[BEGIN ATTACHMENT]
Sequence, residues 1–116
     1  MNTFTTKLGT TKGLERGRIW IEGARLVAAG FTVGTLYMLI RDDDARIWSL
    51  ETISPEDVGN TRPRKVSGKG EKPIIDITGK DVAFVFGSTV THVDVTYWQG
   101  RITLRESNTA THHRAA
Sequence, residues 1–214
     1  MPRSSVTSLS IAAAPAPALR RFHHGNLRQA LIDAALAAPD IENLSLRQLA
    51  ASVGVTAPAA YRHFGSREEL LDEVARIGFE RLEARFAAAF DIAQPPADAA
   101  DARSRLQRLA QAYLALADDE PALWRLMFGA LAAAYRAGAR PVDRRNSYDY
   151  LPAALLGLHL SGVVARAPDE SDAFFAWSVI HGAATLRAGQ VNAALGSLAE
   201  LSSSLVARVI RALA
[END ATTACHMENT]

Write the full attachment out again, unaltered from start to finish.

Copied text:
Sequence, residues 1–116
     1  MNTFTTKLGT TKGLERGRIW IEGARLVAAG FTVGTLYMLI RDDDARIWSL
    51  ETISPEDVGN TRPRKVSGKG EKPIIDITGK DVAFVFGSTV THVDVTYWQG
   101  RITLRESNTA THHRAA
Sequence, residues 1–214
     1  MPRSSVTSLS IAAAPAPALR RFHHGNLRQA LIDAALAAPD IENLSLRQLA
    51  ASVGVTAPAA YRHFGSREEL LDEVARIGFE RLEARFAAAF DIAQPPADAA
   101  DARSRLQRLA QAYLALADDE PALWRLMFGA LAAAYRAGAR PVDRRNSYDY
   151  LPAALLGLHL SGVVARAPDE SDAFFAWSVI HGAATLRAGQ VNAALGSLAE
   201  LSSSLVARVI RALA